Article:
The periphery of the end plate 5 is provided with a recess providing support for the cylindrical roller 4. The end of the roller 4 adjacent to shank 21 of yoke 2 also rests on the ring 80. The roller 4 is thus firmly supported at both ends. The tubular roller 4 is preferably made of plastic and has suitable clearance to adjacent components, thus enabling it to rotate. The wire end 71 of the spring 70 is bent in a substantially radial direction so that it protrudes radially out past the ring 80 and into a slot 41 in the end of the roller 4 adjacent to the yoke, on the radially inner wall of the roller.
The slot or groove 41 may advantageously offer clearance to the wire end 71 and it will be understood that with the embodiment shown, taking normal care, no disturbing forces need be introduced in the spring via the wire end 71 and its interaction with its surroundings.
It will also be understood that the length of the spring 70 is closer such that it fits the space between the end plate 5 and the ring 80 so that axial extension of the spring 70 is prevented when the gripping means is opened. As mentioned, the spring 70 is preferably wound with a substantially tight contact between adjacent turns.
38 indicates a screw joint between the shaft 32 and screw 6.
It will be understood that with the device shown in FIG. 4 the shaft 32 will be locked against rotation in one direction with respect to the sleeve section 53 (due to frictional forces as the spring 70 tightens against the cylindrical surface defined by enlarged end portion 39 and sleeve section 53), and that the lock will be released by a slight relative turning movement of the roller 4 and thus the spring end 71 (since such movement causes springs 70 to enlarge in diameter and permit rotation of enlarged end portion 39, and therefore shaft 32, relative to spring 70). Since the roller 4 is in practice cylindrical, it will not cooperate with a stop means but rather with a tread surface section in a position along the conveyor track where the gripping means is to be opened. A study of FIGS. 5 and 6 will reveal that this tread surface section may be oriented at a tangent to the passing roller 4 causing it to rotate and untwist the spring 70 so that the gripping means opens.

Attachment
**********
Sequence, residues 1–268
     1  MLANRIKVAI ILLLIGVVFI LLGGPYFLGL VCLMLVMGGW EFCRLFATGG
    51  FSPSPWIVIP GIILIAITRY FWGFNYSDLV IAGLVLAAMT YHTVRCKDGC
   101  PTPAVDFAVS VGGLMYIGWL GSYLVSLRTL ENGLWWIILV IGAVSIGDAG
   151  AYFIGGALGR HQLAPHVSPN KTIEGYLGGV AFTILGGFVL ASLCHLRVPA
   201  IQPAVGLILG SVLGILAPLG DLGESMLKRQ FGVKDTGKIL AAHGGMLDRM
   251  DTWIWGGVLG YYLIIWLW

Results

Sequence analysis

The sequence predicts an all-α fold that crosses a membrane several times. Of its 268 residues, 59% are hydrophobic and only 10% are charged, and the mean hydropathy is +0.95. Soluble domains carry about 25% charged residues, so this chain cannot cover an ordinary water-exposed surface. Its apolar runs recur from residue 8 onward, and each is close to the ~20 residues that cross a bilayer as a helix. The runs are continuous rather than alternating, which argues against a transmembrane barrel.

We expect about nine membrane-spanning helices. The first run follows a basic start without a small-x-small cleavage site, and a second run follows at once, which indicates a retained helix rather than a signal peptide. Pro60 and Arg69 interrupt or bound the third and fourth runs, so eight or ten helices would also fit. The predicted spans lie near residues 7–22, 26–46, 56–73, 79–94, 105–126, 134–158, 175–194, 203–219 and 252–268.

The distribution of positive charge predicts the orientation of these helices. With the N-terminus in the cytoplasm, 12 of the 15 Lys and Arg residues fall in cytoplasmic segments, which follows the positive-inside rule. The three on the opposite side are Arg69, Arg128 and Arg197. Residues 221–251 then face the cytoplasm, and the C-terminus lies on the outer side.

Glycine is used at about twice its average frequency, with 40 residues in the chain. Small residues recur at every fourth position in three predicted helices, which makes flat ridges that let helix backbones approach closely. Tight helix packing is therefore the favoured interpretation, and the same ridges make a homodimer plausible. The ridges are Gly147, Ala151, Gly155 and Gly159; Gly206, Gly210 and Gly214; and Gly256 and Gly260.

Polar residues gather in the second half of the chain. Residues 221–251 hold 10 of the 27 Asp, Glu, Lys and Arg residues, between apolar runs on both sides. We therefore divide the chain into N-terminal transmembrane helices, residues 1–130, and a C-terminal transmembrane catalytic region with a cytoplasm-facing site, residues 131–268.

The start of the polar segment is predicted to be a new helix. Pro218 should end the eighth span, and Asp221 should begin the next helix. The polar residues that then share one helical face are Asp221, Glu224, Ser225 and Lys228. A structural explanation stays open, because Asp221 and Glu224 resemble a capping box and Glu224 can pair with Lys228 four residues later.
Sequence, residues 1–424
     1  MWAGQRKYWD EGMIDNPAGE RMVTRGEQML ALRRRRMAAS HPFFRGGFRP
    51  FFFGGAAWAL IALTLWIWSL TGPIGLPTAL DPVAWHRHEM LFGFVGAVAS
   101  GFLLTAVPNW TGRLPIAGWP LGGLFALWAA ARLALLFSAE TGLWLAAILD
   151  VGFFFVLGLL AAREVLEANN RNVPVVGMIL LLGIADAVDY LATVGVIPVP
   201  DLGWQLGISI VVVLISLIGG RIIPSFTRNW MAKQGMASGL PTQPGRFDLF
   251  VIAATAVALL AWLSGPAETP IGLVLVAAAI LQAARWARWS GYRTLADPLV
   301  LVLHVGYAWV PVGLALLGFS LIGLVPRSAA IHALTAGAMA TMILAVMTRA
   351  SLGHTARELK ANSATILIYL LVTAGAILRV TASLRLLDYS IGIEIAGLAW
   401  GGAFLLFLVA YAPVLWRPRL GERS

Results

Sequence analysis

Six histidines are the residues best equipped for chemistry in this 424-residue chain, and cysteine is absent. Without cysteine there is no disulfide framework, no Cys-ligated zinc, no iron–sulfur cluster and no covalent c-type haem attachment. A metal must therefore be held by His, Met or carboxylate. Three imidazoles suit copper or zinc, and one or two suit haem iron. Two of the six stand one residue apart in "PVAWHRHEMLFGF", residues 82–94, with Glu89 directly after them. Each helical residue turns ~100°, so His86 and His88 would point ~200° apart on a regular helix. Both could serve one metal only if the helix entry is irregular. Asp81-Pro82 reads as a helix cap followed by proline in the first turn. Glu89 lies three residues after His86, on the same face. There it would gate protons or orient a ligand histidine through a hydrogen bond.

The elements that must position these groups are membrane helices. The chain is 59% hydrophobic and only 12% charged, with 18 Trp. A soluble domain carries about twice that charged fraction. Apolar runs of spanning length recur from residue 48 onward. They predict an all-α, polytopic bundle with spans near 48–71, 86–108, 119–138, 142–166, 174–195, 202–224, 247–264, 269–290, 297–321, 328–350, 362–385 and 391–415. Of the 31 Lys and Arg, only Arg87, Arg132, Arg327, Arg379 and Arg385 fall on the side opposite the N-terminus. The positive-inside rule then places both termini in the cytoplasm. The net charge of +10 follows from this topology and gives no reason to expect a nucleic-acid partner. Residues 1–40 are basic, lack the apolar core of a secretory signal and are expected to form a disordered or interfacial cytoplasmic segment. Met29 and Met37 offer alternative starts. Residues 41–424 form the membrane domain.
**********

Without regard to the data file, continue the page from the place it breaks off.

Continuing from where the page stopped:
In the embodiment of roller and tread surface shown schematically in FIGS. 5 and 6 the roller is provided with two axially separated sections 4A, 4B of different diameters. The larger of these cooperates with a tread surface section 9A or 9B in order to open the gripping means. In FIG. 5 it can be seen that the tread surface sections are suitably provided with friction material such as a rubber coating 91 on the side which is to form the rolling path for the peripheral surface of the roller. By changing the positions of sections 4A and 4B in alternate gripping means and arranging the tread surface sections 9A and 9B in different positions along the conveyor track for the series of gripping means, alternative means can be opened at the position defined by tread surface section 9A while the remaining gripping means will open at 9B. It is of course also possible to arrange more than two roller sections and more than three tread surface sections corresponding thereto. By arranging the largest tread surface section in a suitable transverse position, the gripping means can be caused to open at respective tread surface sections 9A, 9B arranged in corresponding transverse positions and desired longitudinal positions along the path of the gripping means.
Reference is made to EPC application No. 86 850 339.2 for a general description of the function of gripping means of the pertinent type.
It will be understood that the end of the spring 70 located on the enlarged end portion 39 can rotate thereon in one direction but is locked in the other direction.
When the gripping means is closing, the spring 70 locks against the enlarged end portion 39 of the shaft and slips around the sleeve section 53 of the bushing 52. In closed position the spring 70 prevents the means from opening by locking against both end portion 39 and sleeve section 53.
When the gripping means is opening the spring is untwisted and slides in relation to the sleeve section 53. When performing a large turning movement, (for instance when the opening movement of the gripping jaw is stopped) the spring will also slip around the enlarged end portion 39 of the shaft.